When Is it Time to Plant?

Eager to plant, but aren't sure when to start? The answer lies in your soil.

Planting a Vegetable Garden

Planting a Vegetable Garden

When winter finally eases its grip on the earth, it’s tempting to run out and work in the garden. But you have to be careful. Working the soil too early, while it’s still soggy from winter rains, can leave big clumps of dirt that are almost impossible to break apart later. Planting too soon can also waste money, because many seeds and plants will perish if the ground is too cold.

Photo by: Shutterstock/Alexander Raths

Shutterstock/Alexander Raths

When winter finally eases its grip on the earth, it’s tempting to run out and work in the garden. A few days of warm sunshine, combined with hearing the birds sing and watching a few green plants shoot up here and there—even if they’re weeds—and we’re ready to grab a shovel and start digging.

But you have to be careful. Working the soil too early, while it’s still soggy from winter rains, can leave big clumps of dirt that are almost impossible to break apart later. Planting too soon can also waste money, because many seeds and plants will perish if the ground is too cold. You might want to brag about growing the first tomato on your block—but you really won’t gain anything by starting too soon.

Instead of rushing the season, use these tips to find the best time to plant your garden. You might have to wait a little longer than you’d hoped, but your soil will be easier to work when it’s relatively dry, and your seeds and seedlings will have a better chance of not only surviving, but thriving, when the temperatures are reliably warm.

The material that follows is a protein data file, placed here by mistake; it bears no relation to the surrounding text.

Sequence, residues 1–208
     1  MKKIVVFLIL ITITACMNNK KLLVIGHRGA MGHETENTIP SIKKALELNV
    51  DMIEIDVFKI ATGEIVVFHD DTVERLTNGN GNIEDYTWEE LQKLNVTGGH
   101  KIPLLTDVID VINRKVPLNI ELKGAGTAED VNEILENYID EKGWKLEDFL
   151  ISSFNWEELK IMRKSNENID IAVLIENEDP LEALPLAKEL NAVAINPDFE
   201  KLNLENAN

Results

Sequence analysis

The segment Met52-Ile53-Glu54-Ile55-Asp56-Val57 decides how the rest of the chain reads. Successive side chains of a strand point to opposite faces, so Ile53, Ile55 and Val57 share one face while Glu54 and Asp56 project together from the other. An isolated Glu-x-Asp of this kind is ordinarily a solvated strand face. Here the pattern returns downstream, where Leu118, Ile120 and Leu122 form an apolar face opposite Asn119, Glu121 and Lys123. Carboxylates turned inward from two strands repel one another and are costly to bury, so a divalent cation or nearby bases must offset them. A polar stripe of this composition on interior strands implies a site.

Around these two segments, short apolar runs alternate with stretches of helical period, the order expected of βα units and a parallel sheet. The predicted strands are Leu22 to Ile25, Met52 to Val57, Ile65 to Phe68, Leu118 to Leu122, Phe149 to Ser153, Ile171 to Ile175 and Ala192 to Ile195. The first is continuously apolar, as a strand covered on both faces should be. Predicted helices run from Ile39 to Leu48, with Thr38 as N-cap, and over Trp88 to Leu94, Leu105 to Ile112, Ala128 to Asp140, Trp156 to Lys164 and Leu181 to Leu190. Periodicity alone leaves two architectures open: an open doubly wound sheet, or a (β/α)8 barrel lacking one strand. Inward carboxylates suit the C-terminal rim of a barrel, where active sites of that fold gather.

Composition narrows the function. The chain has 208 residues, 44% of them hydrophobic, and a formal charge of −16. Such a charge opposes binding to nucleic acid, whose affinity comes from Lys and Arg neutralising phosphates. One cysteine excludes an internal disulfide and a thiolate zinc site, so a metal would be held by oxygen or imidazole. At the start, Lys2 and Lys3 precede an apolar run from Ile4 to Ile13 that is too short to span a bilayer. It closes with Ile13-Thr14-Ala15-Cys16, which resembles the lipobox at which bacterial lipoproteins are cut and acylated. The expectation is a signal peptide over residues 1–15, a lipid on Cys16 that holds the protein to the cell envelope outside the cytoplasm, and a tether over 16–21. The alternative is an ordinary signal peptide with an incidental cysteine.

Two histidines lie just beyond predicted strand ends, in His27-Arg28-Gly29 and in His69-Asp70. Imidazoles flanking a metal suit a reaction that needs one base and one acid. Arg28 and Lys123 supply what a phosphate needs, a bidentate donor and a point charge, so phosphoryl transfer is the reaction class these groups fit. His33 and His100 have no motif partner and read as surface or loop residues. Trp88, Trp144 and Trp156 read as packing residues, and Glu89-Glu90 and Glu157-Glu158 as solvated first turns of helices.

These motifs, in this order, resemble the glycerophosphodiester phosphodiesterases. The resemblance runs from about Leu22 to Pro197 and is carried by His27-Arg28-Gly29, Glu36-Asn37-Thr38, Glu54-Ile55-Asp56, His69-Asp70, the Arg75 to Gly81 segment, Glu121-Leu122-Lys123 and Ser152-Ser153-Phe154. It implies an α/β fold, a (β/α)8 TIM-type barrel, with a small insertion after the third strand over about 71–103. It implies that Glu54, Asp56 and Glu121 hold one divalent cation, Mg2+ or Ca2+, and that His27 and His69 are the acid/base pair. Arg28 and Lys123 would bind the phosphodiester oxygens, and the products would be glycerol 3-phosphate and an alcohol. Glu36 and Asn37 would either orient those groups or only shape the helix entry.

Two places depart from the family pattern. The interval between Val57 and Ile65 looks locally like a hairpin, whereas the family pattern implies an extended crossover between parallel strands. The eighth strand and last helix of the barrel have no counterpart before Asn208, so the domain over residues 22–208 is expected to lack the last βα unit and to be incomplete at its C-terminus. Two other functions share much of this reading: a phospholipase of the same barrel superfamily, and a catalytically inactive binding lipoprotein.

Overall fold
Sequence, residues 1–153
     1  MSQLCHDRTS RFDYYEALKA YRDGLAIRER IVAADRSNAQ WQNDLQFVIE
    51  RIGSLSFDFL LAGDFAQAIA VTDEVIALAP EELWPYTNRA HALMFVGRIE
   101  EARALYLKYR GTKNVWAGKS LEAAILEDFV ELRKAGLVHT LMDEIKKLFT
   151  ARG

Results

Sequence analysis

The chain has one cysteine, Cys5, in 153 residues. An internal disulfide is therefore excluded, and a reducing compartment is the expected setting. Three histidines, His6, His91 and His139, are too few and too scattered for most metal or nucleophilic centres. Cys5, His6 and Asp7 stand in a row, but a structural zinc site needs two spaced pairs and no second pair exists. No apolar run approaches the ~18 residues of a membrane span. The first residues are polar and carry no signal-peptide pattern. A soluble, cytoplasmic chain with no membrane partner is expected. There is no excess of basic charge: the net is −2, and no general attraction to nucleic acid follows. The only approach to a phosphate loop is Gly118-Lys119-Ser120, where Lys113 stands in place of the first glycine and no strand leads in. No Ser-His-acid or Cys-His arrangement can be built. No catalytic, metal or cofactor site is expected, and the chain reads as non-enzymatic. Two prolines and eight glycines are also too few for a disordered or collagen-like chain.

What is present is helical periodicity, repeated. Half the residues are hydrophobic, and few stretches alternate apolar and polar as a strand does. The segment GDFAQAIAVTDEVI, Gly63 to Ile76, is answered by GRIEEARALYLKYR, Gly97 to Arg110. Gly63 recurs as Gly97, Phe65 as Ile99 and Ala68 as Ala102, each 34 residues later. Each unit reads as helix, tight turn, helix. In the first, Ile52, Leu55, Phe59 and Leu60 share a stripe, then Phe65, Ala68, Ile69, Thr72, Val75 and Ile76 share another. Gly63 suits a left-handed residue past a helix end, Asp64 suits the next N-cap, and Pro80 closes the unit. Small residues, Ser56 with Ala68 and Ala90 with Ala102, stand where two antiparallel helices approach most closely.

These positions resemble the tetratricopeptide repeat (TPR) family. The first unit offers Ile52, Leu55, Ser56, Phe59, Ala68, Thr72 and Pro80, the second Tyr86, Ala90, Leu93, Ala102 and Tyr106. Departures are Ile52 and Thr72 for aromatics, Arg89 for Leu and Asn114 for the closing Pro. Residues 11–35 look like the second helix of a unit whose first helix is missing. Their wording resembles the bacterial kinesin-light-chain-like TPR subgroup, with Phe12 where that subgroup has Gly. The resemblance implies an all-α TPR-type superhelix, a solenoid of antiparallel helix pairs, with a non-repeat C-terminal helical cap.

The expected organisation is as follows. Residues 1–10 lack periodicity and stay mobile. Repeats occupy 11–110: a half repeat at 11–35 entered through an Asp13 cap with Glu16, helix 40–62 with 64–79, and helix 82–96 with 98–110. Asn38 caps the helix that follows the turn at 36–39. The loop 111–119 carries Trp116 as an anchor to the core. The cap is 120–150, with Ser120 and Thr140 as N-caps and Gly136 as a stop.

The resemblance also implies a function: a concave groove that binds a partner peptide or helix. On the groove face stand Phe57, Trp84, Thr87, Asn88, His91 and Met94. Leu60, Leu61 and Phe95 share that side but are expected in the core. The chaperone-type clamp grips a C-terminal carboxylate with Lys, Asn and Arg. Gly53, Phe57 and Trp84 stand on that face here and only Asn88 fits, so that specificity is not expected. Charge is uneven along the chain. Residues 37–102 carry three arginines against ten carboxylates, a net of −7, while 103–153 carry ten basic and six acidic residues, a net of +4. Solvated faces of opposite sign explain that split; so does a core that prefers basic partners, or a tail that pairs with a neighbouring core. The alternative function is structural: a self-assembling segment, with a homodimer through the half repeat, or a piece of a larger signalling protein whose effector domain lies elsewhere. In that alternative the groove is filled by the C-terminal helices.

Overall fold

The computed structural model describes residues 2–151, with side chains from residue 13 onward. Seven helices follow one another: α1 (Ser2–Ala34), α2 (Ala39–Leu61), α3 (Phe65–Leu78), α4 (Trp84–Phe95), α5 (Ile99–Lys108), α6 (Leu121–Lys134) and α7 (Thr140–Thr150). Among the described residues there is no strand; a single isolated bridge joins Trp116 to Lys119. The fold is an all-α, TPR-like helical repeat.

• Avoid digging or even walking around in your garden while the ground is wet. Walking compacts the soil, making it harder for roots to penetrate. If you really have to get into the garden, put some boards over the soil to walk on, or make a path of stepping stones to the areas you need to access.
  • To test whether your garden is dry enough to work, use a trowel or spade to dig up a small amount of soil and squeeze it in your hand. If it breaks apart, the soil is ready. Alternately, drop the ball of soil onto the ground from about waist-high. If it shatters, or you can poke it and it crumbles easily, it’s safe to work. If the soil stays in a clump, or drips water when you squeeze it, wait a few days and check again.
  • Consult a zone hardiness map to determine when it’s safe to plant. Zone maps give you the average date of the last spring frost in your area. (Gardening friends and neighbors are also a good local source for this kind of information.) You can plant cool season annuals, such as pansies or nasturtiums, as soon as you can work your soil; they can withstand some frost. But wait until all chance of a late frost has passed before planting warm season annuals like marigolds or zinnias.
  • You can also plant cool-season edibles, such as lettuce, Swiss chard, carrots, beets, cauliflower and endive, as soon as your soil can be worked. They can also survive brief, light frosts. In general, wait until the temperatures range from 60 to 70 degrees Fahrenheit to plant tender vegetables like corn, tomatoes, peppers, eggplants, okra, summer squash and beans.
  • Use a soil thermometer to make sure the soil is warm enough to plant. If you’re sowing large seeds or planting warm-season crops, insert the thermometer about 4 inches deep in the soil for an accurate reading. For small seeds or cool-season crops, go about 2 inches deep. But don’t rely on reading the thermometer on only one day. Take a reading in the morning and again in the afternoon for a few days in a row, and average the readings. For best results, follow the directions that come with your thermometer.
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